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Macedonian Cities -- Ohrid History
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The shores of Lake Ohrid have been inhabited since prehistoric times. Archaeological findings speak of settlements from the Neolithic period 6000 years B.C. According to historical sources, the earliest known inhabitants of the Lake Ohrid region were the tribes known as Brigions, Ohrygions, and Enhelians, the latter of which dominated for a long time. According to Herodotus and Apollodorus, they were not Illyrians, but their closest neighbors. Certain posterior documents note that the Desaretes inhabited the town of Lychinidos, as the capital of Desaretia, and its surrounding area. As a powerful settlement, whose name is unknown today, they lived there for several centuries in the 1st millennium B.C., in the vicinity of today’s international airport, a few kilometers to the north of Ohrid.

The first missionary to come to Lychinidos was Erasmus of Antioch. Records say that, in the 5th century, this town was the seat of the bishops of Lycnidos. In the 6th century, when Lychidos was part of the Byzantine Empire, the Slavs began crossing the Danube and penetrated into the Balkan Peninsula. A Slavic tribe called Brsjan settled in the region of Lychnidos. The name Ohrid was first mentioned in a protocol issued by the Assembly of Constantinople in 879.  As the old town of Ohrid stands on the crest of a hill, presumably the name Ohrid was derived from the Slavonic words – “vo hrid” – meaning “on a hill.“

Clement and Naum, the two best-known disciples of the missionary brothers Cyril and Methodius, came to Ohrid after their mission in Moravia. Clement was the first one to come in 886 and Naum joined him 14 years later, in 900.

Clement spent 30 years among the Macedonian Slavs. The first Ohrid literary school was founded in his monastery church of St. Pantelejmon in Ohrid in 893. The 3,500 pupils who came out of this school spread the Slavonic script, culture, and art.

After Clement’s death in 916, the Ohrid literary school continued to be a source of manuscripts invaluable for Slavonic studies. This school began its work on Macedonian soil in the 9th century and was a loyal adherent to the Glagolithic alphabet.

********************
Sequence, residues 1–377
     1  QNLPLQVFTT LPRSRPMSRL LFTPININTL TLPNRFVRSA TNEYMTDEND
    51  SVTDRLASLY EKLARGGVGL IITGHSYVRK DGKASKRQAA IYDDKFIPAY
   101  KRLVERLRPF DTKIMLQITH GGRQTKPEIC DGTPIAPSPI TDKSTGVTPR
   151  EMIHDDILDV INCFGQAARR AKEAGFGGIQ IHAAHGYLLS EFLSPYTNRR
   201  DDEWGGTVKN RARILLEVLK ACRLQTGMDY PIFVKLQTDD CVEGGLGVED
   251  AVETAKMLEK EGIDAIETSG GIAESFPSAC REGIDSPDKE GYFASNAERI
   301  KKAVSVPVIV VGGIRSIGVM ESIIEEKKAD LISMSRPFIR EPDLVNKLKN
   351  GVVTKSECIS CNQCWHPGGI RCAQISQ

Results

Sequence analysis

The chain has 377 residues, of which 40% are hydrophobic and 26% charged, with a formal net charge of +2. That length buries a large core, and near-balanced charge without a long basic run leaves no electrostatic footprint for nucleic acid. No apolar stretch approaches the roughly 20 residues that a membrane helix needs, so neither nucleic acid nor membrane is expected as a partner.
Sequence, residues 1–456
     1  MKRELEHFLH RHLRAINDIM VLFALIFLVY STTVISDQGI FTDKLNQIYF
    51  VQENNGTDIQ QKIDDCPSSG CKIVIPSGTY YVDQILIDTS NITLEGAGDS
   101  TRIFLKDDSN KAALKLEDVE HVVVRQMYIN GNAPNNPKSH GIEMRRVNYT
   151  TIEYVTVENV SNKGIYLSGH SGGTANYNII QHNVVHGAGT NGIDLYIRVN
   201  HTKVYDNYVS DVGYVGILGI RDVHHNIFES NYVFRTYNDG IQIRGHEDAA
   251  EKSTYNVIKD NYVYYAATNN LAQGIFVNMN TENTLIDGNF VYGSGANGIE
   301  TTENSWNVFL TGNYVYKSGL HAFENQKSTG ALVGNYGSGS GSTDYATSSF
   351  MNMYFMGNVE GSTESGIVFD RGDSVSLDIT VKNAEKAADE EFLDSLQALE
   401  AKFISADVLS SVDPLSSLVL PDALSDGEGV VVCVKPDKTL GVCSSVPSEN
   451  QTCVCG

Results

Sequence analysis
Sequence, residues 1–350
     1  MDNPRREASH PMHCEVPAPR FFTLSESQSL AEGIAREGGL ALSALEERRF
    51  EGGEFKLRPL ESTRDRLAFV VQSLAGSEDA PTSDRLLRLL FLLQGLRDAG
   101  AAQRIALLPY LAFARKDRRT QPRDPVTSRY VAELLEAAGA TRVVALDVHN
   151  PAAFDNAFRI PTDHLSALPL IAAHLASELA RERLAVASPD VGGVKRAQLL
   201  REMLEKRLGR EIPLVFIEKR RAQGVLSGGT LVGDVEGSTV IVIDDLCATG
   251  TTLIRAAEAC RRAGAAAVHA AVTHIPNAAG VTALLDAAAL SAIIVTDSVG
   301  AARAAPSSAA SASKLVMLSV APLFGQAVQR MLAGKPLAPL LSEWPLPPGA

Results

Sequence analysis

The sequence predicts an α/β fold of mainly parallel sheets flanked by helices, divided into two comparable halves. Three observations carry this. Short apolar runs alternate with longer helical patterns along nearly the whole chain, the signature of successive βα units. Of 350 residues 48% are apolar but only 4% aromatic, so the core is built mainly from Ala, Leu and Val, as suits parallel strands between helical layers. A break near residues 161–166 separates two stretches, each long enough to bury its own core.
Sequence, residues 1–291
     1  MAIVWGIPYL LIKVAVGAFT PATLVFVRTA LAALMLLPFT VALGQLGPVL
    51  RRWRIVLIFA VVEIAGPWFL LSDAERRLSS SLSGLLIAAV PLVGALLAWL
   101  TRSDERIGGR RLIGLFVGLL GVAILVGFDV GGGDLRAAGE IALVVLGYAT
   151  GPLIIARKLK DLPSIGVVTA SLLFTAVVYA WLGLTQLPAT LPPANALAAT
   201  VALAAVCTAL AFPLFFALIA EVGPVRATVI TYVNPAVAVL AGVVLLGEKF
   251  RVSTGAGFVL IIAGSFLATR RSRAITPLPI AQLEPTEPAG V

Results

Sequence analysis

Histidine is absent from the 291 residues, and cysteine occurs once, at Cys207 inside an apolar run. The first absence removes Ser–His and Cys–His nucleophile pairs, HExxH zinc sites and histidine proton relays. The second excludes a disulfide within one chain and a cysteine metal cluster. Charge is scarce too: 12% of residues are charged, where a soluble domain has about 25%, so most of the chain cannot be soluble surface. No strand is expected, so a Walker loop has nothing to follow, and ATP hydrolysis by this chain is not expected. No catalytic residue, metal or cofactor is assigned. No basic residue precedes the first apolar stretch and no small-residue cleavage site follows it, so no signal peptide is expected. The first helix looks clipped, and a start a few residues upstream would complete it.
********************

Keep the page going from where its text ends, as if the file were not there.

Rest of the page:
Samuel’s Empire, which was the first state of the Macedonians Slavs, originated in the Ohrid region. In 1014 Byzantine Emperor Basil II defeated Samuel’s army, captured and blinded 14,000 of his soldiers, ruined the town, and banished its population.

In the 15th century, during the Turkish rule in Ohrid, many of the Christian churches were converted into mosques.

The exact date of Ohrid’s fall under the Turkish rule cannot be determined accurately. However, an inscription in the St. Ilija Church (in the village of Elesani in the Ohrid region), dating back to 1408, is considered to be an apparent evidence of the Turks' presence.  Yet another source implies that Ohrid fell under the Turks in 1395 and was ruled by Canarli Hairudin Pasha, who later became a vizier, the position of the supreme military commander, second in power after the sultan.

The only medieval feudal institution that continued its existence in the time of the Turkish rule was the Ohrid Archiepiscopate. During this period, the Archiepiscopate maintained its full internal autonomy, keeping its previous rights and privileges. With the support of the Turkish authorities, the Ohrid Archiepiscopate even managed to expand its jurisdiction to new territories.

In the first decades of the 15th century the jurisdiction of the Ohrid Archiepiscopate covered the eparchies of Sofia and Vidin. By the end of the 16th century the jurisdiction of the Archbishopric of Ohrid over went as far as the Serbian Church Patriarchy of Pec and the Orthodox communities in Dalmatia and Venice in mainland Italy.

According to a document, in the 17th century there were 300 churches, 33 of which were active, but at the beginning of the 19th century only three town churches were left in service. In the second half of the 17th century the Constantinople Patriarchate did not conceal its aspirations towards the Ohrid Archiepiscopate and the Phanariots (pro-Greek inclined party).

More intense church building in Ohrid and its surroundings occurred towards the end of the 18th century and particularly during the 19th century. The architecture also flourished in this period and some of the most beautiful buildings found in Ohrid were built in that time (the house of the Robev Brothers, which now hosts the National Museum, the house of the Kanevce family, and the house of Urania, which now functions as the Ethnological Department of the National Museum.

During World War II Ohrid was occupied by Bulgaria. In the postwar period, Ohrid developed into an important tourist centre. Modern hotels, car camping sites, and bed&breakfast facilities were built in order to accommodate the numerous tourists who came to discover the beauties of Ohrid.

In the 1975-88 period Ohrid was a genuine Mecca for tourists, not only in Macedonia, but also in the Balkans. In 1980 both the town and the lake were included on the list of UNESCO and protected as an exceptional cultural heritage site and natural beauty.


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